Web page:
State Infrastructure Bank’s priorities include housing, charter schools
State officials plan to use the $75 million in the State Infrastructure Bank to support charter schools, matching requirements for federal infrastructure funding and the development of affordable housing.
The proposed allocations — including up to $20 million for an affordable housing investment fund, up to $15 million for a charter school development and construction fund and up to $40 million to help bring more federal infrastructure funding to the state — were detailed at a Wednesday bank board meeting, but now face a 30-day public comment period before they can be finalized.
“Investing in affordable housing bolsters economic growth and productivity, connects workers to communities of opportunity, improves health and education outcomes and positively impacts support services,” said Christine Hess, executive director of the Nevada Housing Coalition, a nonprofit working to promote affordable housing, during the meeting. “Affordable housing solutions are complex, and the opportunities to solve them are many, and this is one important one.”
The infrastructure bank structure was created in 2017, but it did not receive funding until the 2021 legislative session, when the bank was restructured to expand eligibility for financing different projects through the passage of SB430 and seeded with $75 million in general obligation bonds through the approval of the governor’s budget.
State infrastructure banks generally run as state-operated revolving funds (meaning any loans and interest are reinvested) that offer direct loans or credit enhancement products to help with infrastructure projects, typically focused on transportation.
Ted Chandler, a senior managing director for the AFL-CIO Housing Investment Trust, a mutual fund that invests in housing projects built entirely with union labor, advocated on Wednesday for a proposal to invest $20 million in affordable housing development.
“Nevada can participate … with developers who have a long-term commitment to the use of union labor to get affordable housing, and at the same time create jobs for local residents that can lead to careers in construction,” he said.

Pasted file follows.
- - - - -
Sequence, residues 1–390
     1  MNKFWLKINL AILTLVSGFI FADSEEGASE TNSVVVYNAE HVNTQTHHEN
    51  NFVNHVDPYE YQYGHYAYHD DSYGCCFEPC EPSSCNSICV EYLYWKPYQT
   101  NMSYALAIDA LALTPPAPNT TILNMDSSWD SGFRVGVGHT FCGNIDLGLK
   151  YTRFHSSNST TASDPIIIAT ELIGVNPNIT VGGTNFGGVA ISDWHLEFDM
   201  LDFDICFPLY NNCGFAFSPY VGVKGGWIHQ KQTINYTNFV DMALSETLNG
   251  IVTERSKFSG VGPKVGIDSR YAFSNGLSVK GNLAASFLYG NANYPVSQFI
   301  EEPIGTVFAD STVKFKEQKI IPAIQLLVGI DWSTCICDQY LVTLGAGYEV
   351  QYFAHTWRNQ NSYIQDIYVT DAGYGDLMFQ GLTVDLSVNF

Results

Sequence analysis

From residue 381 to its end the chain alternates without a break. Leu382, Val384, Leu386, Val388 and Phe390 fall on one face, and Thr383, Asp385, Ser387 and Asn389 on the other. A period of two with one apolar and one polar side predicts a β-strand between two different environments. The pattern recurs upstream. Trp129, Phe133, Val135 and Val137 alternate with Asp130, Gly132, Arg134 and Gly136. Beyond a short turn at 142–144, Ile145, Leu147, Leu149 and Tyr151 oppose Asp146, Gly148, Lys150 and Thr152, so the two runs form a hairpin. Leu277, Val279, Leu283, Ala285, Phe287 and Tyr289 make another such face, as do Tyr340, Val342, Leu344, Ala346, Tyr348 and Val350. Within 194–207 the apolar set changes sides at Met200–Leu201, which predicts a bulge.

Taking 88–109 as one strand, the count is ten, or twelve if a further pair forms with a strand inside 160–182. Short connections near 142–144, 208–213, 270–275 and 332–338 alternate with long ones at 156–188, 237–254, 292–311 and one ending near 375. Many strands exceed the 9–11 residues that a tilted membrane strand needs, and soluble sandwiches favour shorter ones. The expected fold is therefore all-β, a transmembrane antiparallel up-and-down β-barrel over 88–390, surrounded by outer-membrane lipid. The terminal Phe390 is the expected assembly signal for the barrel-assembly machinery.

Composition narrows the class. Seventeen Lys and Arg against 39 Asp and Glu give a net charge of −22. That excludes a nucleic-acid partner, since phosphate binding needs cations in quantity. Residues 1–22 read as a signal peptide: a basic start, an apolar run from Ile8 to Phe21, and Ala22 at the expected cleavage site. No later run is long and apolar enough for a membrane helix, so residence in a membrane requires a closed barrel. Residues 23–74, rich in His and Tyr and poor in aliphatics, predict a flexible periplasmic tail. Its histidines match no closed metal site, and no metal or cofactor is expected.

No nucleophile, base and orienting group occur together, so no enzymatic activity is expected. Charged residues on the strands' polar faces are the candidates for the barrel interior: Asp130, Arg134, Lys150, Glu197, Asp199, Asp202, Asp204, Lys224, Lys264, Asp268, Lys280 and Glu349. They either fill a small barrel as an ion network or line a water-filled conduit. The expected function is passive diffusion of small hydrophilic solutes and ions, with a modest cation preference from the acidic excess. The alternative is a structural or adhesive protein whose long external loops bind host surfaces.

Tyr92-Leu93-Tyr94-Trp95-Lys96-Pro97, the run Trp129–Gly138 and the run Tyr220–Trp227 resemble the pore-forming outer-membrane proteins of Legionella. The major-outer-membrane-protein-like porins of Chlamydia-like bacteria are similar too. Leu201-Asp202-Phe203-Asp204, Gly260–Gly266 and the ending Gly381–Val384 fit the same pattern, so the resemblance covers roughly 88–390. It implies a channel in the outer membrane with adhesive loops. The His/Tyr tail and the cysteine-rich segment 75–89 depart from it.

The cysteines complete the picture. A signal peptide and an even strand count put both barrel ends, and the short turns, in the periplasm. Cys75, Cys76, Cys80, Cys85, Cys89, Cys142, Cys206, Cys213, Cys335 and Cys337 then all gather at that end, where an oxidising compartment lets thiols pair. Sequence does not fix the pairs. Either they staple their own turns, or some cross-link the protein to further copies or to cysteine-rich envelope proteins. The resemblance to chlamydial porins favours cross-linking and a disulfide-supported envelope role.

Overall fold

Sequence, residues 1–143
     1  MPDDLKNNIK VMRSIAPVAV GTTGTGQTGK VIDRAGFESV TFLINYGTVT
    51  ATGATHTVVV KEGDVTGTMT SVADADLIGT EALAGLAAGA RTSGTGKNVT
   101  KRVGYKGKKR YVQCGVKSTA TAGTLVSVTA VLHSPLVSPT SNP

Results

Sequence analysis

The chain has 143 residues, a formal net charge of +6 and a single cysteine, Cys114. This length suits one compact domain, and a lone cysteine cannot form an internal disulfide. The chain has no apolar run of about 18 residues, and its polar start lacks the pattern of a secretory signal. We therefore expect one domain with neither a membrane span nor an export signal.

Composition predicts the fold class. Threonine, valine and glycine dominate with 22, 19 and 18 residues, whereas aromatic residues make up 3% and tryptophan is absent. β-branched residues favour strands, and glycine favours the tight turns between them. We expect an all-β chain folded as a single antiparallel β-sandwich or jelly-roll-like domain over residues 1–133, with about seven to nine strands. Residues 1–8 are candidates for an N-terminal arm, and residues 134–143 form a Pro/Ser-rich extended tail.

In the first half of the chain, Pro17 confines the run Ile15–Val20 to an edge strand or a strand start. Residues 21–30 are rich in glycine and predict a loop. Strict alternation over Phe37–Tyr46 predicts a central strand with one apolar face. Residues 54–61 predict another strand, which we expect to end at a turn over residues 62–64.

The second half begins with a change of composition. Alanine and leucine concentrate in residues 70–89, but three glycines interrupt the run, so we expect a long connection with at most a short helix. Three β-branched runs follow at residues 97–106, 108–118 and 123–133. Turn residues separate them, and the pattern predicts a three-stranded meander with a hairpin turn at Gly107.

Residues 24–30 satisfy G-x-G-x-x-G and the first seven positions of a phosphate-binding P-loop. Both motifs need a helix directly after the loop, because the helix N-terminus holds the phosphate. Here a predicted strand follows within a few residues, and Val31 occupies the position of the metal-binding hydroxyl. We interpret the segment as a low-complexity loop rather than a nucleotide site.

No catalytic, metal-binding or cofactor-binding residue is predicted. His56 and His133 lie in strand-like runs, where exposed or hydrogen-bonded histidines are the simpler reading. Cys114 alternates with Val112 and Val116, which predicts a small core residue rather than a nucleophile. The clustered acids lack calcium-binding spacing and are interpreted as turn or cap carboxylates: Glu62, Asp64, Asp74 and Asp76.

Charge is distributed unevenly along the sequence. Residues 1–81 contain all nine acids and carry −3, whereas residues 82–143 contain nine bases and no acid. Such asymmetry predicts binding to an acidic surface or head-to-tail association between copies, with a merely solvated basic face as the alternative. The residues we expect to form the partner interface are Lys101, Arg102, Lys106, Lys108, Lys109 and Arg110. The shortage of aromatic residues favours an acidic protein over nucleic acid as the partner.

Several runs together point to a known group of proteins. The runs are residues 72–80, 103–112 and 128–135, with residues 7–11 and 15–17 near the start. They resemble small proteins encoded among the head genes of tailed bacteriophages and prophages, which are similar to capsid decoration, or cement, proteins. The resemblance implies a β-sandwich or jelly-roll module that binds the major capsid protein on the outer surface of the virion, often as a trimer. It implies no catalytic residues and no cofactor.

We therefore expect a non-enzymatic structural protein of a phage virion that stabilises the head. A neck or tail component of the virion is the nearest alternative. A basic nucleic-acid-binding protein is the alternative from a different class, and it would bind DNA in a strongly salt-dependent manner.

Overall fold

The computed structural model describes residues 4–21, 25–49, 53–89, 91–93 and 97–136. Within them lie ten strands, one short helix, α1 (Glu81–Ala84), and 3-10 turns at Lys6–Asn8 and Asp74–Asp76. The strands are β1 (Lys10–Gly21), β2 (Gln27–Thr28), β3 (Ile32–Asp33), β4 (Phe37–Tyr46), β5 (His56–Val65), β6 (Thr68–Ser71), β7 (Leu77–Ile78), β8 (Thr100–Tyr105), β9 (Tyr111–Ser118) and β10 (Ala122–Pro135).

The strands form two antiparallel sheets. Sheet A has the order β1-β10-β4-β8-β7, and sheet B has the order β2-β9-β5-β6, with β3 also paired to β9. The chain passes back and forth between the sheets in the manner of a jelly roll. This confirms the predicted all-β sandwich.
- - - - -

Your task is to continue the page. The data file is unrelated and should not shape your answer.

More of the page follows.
Chandler emphasized that the state should work with developers with a proven track record of building affordable housing, and that the investment would help create more construction jobs.
Under the proposed rules, the affordable housing projects would be required to use apprentices enrolled in state-registered apprenticeship programs for at least 10 percent of construction hours. Rob Benner, secretary-treasurer of the Building and Construction Trades Council of Northern Nevada, highlighted the need for Nevada to expand its construction workforce as older workers retire.
“We're looking at losing half [of] our construction workforce in the next 10 years. We need to make sure that we're training enough apprentices now to avoid a massive shortage of workers,” Benner said.
Benner noted there are nearly 6,000 active apprentices in the state, working in a variety of different roles, including carpenters, electrical workers and roofers, and Chandler pointed to how the affordable housing projects would help employ more apprentices.
The proposed allocation also includes an investment of up to $15 million for development of charter school facilities and buildings serving low income and at-risk student populations. Nevada charter schools do not have access to facilities funding from the state, and construction for charter schools is typically funded by private sources.
“In short, this would ensure that more dollars would stay in the classroom and not go to for-profit entities,” said Erik Jimenez, chief policy deputy in the treasurer’s office.
The proposed guidelines for borrowers of the bank would require qualified borrowers to be a governmental unit (such as a city, county, school district or state agency), an Indian reservation or colony or a private nonprofit created for charitable or educational purposes. Those borrowers would be allowed to partner with another private entity under the proposed rules.
The final proposed allocation would also set aside up to $40 million to provide financial assistance to qualified borrowers that would allow them to compete for certain federal infrastructure funds requiring a state match.
“There's something like $350 billion in competitive grant funding in the Infrastructure Investment and Jobs Act, most of which require some level of state match to leverage those federal dollars,” Jimenez said.